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Physician-Owned Specialty Hospitals: A problem or a solution?
For years, the government has threatened to shut down physician-owned specialty hospitals (hereafter referred to as "specialty hospitals"). The new health care reform legislation has taken a big step in that direction, mandating a moratorium on new specialty hospitals, and restrictions on the expansion of existing facilities.
The arguments against specialty hospitals, posited by academicians and the hospital trade associations, are:
- They divert surgical procedures from community hospitals, draining funds needed to run emergency departments, burn units, and other unprofitable services.
- They "cherry-pick" the healthiest patients, leaving sicker patients for community hospitals.
- Driven by financial incentives, physician owners drive up utilization of expensive procedures and increase costs.1
In fact, none of these arguments hold water, as we will demonstrate below.
Specialty hospitals create healthy competition, which helps to improve the accessibility, affordability, and quality of health care. Congress should act to increase, rather than limit, competition and patient choice in health care settings.
Do specialty hospitals drain profits from community hospitals?
Not according to the federal government. A study by the Medicare Payment Advisory Commission (MedPAC) indicated that the presence of specialty hospitals had no observable effect on the profit margins of community hospitals.2
This finding was corroborated by a 2009 study of several local markets in which specialty hospitals operate. The study's authors concluded:
- "To date, the entry of specialty hospitals...has not had dramatic, adverse effects on the financial viability of general and safety net hospitals and their ability to provide care to financially vulnerable populations."3
Do specialty hospitals "cherry-pick" the healthiest, most profitable patients?
Evidence does exist that patients in specialty hospitals tend to be less severely ill.2,4,5
This finding is hardly surprising. Because specialty hospitals, by definition, provide limited services, it makes sense to send at-risk patients to general hospitals where they have ready access to a broader array of services. Not every patient undergoing surgery requires access to the entire range of treatments offered at a general hospital.9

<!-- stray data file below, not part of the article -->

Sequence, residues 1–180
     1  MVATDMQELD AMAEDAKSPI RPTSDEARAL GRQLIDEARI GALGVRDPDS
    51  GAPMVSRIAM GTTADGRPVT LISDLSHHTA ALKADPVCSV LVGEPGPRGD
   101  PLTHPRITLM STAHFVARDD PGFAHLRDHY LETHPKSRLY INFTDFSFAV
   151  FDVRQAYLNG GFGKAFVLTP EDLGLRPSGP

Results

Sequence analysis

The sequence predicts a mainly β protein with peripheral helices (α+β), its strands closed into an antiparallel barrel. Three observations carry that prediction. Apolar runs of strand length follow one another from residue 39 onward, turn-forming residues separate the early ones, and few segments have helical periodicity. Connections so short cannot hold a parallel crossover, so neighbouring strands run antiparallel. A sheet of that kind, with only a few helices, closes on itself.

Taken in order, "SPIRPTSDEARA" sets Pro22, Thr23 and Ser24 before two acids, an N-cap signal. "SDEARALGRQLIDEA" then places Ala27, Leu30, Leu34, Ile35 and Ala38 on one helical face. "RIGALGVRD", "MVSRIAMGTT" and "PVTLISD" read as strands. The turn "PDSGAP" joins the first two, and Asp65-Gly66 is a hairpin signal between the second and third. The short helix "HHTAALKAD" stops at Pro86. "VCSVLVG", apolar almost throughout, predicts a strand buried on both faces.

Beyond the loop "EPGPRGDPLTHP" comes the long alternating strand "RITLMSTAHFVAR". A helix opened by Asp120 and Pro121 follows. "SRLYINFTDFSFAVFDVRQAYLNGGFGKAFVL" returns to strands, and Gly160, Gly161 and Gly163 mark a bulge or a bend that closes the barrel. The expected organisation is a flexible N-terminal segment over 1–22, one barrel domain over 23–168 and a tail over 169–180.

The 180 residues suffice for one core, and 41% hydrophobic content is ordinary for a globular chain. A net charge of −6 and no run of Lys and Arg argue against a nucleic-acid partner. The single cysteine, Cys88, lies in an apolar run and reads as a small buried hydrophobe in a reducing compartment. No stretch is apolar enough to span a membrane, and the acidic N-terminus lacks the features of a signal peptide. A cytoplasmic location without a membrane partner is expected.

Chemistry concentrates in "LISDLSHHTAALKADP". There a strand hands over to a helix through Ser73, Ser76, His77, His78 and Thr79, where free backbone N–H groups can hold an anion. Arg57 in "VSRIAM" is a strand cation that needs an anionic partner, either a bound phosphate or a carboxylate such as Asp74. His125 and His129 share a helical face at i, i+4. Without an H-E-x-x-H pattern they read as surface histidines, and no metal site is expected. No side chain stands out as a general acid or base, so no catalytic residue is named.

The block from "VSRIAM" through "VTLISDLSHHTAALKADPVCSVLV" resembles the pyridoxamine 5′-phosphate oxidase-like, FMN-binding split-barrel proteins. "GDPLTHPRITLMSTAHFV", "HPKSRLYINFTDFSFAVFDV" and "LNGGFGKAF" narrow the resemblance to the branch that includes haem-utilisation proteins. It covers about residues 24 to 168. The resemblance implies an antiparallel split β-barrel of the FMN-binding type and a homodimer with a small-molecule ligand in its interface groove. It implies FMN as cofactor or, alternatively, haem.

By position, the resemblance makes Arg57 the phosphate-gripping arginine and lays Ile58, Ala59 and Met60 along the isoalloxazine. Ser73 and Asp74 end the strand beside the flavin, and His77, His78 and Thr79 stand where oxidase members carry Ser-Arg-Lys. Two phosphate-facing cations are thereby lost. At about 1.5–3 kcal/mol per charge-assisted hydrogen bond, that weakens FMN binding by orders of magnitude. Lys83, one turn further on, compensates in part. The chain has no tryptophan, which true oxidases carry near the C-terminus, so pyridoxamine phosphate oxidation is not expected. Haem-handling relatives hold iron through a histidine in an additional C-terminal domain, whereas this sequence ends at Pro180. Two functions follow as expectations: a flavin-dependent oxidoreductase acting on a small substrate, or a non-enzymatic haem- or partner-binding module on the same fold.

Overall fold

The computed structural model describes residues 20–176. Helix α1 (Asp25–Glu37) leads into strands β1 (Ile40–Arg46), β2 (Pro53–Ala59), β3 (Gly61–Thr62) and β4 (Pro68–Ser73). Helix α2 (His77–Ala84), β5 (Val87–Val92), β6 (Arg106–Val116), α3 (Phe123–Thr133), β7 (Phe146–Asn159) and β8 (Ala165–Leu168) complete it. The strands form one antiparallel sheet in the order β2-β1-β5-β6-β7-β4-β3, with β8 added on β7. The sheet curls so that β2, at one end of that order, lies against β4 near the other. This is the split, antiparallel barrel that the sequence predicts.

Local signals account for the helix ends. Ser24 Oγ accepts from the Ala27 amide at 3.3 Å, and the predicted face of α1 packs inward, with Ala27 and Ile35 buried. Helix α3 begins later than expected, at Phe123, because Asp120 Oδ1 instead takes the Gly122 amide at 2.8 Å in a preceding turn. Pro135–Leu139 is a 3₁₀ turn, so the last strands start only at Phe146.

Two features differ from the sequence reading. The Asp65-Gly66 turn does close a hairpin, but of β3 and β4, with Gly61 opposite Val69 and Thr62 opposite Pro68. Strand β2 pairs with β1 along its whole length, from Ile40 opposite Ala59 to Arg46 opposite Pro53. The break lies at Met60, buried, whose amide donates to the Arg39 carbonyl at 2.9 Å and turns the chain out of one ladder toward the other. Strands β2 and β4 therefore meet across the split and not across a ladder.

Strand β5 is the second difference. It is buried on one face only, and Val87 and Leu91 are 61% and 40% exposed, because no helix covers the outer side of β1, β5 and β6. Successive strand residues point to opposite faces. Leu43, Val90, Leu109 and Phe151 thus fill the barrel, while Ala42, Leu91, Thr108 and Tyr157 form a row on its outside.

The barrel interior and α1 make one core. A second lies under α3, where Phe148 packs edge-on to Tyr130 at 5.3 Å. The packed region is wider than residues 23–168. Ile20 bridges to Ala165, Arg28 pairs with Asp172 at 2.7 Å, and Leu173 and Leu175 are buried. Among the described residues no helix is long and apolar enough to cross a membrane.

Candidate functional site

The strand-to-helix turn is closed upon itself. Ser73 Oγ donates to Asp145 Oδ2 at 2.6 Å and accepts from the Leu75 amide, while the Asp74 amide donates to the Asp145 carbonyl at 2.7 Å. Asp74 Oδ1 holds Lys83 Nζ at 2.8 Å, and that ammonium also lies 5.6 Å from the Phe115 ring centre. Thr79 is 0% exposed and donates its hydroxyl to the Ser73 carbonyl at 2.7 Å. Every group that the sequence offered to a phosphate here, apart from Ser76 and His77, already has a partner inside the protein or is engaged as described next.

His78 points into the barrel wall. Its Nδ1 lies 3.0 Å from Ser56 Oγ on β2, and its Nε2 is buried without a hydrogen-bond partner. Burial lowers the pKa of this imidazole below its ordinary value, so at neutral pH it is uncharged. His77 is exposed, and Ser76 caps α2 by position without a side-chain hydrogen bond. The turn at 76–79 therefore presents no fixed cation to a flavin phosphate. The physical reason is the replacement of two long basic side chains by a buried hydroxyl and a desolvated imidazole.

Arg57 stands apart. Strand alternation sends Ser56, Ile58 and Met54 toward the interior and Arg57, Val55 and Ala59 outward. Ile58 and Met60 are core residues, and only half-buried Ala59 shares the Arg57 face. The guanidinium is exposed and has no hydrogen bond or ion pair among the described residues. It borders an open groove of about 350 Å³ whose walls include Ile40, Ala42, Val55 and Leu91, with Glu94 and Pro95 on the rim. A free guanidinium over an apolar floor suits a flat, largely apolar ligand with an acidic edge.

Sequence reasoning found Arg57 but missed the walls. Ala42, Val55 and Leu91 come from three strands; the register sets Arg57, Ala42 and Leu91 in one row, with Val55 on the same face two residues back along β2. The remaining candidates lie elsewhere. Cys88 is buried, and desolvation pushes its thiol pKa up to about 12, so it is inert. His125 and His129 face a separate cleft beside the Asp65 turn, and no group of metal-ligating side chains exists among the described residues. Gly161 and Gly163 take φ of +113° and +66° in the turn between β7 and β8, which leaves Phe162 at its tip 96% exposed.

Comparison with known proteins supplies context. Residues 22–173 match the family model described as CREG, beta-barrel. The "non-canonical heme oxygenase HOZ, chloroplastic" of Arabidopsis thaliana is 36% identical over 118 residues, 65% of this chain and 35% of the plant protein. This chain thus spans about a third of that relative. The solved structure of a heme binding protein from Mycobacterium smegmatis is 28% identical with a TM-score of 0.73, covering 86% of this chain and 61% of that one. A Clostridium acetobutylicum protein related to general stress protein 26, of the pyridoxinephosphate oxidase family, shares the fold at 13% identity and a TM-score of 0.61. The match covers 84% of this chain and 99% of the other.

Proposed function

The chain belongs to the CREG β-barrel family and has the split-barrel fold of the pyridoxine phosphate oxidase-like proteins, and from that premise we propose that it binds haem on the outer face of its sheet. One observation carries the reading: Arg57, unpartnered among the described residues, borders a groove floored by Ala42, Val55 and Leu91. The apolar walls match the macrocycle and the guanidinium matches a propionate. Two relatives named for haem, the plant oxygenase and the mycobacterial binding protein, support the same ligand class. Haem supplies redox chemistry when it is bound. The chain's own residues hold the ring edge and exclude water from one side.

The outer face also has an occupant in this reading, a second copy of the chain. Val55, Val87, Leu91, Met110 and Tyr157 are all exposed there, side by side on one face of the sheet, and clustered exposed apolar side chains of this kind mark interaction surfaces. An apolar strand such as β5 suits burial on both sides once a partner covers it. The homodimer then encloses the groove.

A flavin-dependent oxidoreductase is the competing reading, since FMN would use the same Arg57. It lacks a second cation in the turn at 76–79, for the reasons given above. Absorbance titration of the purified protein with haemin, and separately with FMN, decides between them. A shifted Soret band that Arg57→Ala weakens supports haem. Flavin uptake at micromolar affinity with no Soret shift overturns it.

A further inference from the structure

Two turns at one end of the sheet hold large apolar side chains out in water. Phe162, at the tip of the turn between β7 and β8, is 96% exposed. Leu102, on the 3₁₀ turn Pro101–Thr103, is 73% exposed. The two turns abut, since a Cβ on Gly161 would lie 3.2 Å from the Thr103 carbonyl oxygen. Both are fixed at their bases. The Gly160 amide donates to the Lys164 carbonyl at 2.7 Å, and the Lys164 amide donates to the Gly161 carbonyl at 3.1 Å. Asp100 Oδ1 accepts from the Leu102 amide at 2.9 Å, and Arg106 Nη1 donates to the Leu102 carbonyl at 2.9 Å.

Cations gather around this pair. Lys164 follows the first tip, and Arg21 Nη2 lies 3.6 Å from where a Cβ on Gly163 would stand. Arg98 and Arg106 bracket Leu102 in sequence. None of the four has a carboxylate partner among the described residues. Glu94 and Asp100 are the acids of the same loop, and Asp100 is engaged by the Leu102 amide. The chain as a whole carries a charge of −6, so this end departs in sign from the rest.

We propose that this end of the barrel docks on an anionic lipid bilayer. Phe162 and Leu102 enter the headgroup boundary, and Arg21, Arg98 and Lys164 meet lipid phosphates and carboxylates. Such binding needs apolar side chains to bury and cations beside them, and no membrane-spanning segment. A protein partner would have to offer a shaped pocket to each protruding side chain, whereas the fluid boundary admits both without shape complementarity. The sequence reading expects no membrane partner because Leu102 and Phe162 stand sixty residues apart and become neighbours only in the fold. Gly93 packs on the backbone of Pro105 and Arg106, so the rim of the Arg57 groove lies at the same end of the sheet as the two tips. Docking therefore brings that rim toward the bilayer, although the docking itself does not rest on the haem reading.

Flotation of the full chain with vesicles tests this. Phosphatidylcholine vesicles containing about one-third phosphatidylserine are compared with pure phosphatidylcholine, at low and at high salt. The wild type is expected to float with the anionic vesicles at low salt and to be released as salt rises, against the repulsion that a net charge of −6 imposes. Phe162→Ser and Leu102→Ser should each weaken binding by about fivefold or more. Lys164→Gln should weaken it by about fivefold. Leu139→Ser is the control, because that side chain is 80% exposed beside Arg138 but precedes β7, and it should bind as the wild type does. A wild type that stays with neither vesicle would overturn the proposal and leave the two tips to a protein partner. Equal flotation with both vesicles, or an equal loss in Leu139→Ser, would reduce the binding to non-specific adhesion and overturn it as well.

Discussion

Higher severity in one setting does not necessarily lead to the conclusion that physicians are "cherry-picking" in order to enhance profitability. Indeed, in its study of specialty hospitals, CMS reported:
- "...we did not see clear, consistent patterns of preference for referring to specialty hospitals among physician owners relative to their peers."5
Do specialty hospitals drive up utilization?
Critics argue that physician owners of specialty hospitals will perform a higher number of questionable procedures, driven by increased financial incentives. The evidence shows otherwise.
In their study of specialty cardiac hospitals, Stensland and Winter concluded:
- "There was no increase in the proportion of surgeries performed on healthier patients."6
Woods, et al., studied ten orthopedic surgeons' volume before and after the opening of a specialty hospital in which they held an ownership interest, and found no significant change in the annual rate of surgical procedures.17 Interestingly, the authors did find a dramatic increase in the volume of health care services provided by competing full services hospitals. This further corroborates the argument that the presence of specialty hospitals precipitates a competitive response from general hospitals.7
It appears clear that specialty hospitals have a salutary effect on their competitors, inducing greater attention to operational efficiency and responsiveness to physicians and patients.7
Benefits of Specialty Hospitals
High quality care
Numerous studies have demonstrated the availability of high quality care at specialty hospitals. Researchers have reported a 50% lower risk of adverse outcomes in hospitals specializing in joint replacement.8
Hagen, et al., reported that higher levels of orthopedic specialization correlated with lower risk of adverse outcomes.18
Greenwald, et al., reported lower risk-adjusted 30-day mortality rates at specialty hospitals.4